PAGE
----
By Suzanne Adams
KINGMAN - Former Planning and Zoning Commissioner Bill Abbott listed numerous concerns about changes to the County General Plan and irregularities in the commission hearing process in a minority report that was delivered to the Board of Supervisors on Monday. Abbott announced his resignation from the commission Thursday morning.
The Board approved the changes to the plan by a 2-1 vote Monday despite objections voiced by Abbott and another P&Z commissioner, Rick Sherwood. Abbott and Sherwood also voted against the changes during the September Planning and Zoning Commission meeting.
In his report to the Board, Abbott said the commission's Sept. 8 vote on the changes to the General Plan should have been voided because the commission did not follow Robert's Rules of Order, a series of rules used by most governmental agencies to conduct meetings.
Abbott said in his report that during the voting process, the call for the vote was made alphabetically, so the commission chair, Carl Flusche, voted before some of the other commissioners.
Robert's Rules state that the presiding officer or chair of a group is only allowed to vote after all of the other members of the group have voted and only to break or cause a tie vote.
Abbott states that because Flusche voted before the votes of all of the other commissioners were collected, the commission's vote on the changes should be voided.
County staff and the County Attorney's Office have reviewed the vote and determined that nothing was wrong in how the vote took place, Flusche said.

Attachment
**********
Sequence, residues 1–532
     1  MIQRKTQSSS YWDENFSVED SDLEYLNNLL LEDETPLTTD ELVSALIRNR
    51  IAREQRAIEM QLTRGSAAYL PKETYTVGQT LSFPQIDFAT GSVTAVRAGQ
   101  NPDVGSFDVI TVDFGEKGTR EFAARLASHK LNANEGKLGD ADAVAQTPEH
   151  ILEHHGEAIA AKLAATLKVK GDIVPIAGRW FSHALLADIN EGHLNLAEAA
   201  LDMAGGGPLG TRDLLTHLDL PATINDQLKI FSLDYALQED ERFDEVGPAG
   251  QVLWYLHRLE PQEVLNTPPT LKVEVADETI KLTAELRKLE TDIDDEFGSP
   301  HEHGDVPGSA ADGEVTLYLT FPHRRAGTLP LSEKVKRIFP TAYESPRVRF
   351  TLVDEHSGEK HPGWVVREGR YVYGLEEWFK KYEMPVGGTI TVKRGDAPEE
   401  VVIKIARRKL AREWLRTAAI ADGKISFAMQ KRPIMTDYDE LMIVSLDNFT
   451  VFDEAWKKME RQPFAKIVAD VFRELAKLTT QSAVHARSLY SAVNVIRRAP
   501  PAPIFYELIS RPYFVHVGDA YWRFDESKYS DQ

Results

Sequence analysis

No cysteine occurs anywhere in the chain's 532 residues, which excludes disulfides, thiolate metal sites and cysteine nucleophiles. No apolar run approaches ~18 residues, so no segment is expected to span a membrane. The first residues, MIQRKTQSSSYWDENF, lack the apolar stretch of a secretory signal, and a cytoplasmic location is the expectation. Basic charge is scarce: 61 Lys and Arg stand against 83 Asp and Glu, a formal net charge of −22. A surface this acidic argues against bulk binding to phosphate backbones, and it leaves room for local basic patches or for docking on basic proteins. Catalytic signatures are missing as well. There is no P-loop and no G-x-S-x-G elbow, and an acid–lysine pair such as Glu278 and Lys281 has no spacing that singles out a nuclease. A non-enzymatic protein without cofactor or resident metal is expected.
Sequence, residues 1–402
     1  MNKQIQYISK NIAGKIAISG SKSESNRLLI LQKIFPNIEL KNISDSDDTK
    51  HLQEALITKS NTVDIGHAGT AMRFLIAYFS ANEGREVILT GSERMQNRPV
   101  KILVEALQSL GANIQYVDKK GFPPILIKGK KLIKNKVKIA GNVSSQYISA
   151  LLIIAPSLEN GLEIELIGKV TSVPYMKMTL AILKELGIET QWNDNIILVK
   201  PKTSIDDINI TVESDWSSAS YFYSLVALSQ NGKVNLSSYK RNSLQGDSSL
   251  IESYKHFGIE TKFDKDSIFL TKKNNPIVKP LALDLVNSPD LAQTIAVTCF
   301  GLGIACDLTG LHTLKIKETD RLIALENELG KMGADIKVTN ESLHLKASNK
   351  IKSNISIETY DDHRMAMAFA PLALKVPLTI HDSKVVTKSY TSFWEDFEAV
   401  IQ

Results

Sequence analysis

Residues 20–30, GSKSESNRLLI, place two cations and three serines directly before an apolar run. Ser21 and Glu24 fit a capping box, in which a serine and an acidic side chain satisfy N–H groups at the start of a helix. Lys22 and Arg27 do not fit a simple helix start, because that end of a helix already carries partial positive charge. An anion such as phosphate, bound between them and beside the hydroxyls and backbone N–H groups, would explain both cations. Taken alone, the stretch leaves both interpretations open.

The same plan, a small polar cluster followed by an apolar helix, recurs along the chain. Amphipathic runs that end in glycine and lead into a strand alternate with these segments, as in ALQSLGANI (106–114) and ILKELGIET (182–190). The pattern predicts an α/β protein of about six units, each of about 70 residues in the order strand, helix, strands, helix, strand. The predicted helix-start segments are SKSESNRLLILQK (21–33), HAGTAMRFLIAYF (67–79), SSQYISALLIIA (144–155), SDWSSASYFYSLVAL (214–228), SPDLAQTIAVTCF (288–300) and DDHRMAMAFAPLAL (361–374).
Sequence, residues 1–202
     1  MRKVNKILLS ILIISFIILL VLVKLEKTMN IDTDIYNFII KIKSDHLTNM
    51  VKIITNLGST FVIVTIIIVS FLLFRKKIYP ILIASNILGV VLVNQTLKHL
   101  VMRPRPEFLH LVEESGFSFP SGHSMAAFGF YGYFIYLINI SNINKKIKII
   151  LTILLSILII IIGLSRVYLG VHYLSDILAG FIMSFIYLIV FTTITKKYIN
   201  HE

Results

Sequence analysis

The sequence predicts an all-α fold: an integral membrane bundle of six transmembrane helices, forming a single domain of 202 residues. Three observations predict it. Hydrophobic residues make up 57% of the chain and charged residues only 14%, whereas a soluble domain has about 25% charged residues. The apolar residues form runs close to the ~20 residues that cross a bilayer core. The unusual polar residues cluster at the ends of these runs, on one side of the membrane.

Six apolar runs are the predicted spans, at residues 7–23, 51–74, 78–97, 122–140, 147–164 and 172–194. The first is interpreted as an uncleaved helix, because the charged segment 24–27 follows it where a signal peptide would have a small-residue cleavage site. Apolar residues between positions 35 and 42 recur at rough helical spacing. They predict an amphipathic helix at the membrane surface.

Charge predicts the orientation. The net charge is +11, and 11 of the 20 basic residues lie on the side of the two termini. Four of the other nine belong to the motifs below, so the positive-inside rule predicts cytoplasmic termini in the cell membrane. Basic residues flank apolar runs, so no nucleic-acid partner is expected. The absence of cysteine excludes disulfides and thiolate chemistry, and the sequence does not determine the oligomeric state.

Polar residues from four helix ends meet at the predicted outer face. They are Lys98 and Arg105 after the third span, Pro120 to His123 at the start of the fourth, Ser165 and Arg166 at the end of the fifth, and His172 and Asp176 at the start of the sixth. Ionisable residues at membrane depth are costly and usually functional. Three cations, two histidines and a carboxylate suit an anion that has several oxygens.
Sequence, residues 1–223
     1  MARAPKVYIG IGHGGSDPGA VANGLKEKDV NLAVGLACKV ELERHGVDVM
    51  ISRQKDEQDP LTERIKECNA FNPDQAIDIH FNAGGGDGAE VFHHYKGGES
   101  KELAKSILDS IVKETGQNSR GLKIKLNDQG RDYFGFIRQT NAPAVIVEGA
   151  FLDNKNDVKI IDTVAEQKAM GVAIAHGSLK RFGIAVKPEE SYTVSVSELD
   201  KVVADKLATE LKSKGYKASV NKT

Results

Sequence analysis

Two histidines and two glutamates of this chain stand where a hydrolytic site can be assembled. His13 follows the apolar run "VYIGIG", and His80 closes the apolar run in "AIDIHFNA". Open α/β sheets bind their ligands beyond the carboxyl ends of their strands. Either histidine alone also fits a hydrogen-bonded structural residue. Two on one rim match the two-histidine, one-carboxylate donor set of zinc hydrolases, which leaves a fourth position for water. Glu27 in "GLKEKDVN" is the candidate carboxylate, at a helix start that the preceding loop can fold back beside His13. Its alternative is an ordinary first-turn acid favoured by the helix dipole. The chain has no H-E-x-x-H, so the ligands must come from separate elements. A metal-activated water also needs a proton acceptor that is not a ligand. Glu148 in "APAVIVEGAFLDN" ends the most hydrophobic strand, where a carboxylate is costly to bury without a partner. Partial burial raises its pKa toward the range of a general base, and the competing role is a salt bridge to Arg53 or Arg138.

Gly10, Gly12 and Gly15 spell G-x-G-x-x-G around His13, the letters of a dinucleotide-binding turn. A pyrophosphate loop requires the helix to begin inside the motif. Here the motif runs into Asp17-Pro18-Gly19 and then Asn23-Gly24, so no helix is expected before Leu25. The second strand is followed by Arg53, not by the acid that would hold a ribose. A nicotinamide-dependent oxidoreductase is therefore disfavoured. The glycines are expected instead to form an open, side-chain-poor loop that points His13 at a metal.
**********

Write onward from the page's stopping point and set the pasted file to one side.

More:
"I don't believe I've done anything wrong," he said.
"The presiding officer was also a member of the technical advisory committee who played a major role in developing the recommendations under considerations, which would obviously suggest he would have a bias to support them," Abbott stated in the report.
"When I became aware of the extent of the proposed changes and realized it was not merely a review as originally publicized, I found the task impossible and ultimately obtained a hard copy, but the volume of changes and available time made it impossible for me to study the issues and to examine the impact they may have," Abbott wrote in the report.
He said that his request that the changes be continued to the next meeting was denied.
Besides procedural issues, Abbott felt that a number of the proposed changes to the General Plan would "have a severe negative impact upon Mohave County as a place to live and to do business and will impose such flexibility in decision making that it will discourage growth and the prosperity in growing communities."
In regard to the changes to the Natural Resources section of the plan, Abbott wrote, "Most of those suggestions do not appear to be based upon anything that has happened within the last five years nor do the suggestions appear to be significant.
"The goals and policies included during the 2005 update will be significantly compromised by the 2010 recommendations," Abbott wrote, referring to the Air Quality section of the plan. "Although our county may, at this time, have financial limitations which compromise our ability to achieve some of the goals right now, we should not lower our sights and presume we permanently face these very difficult times."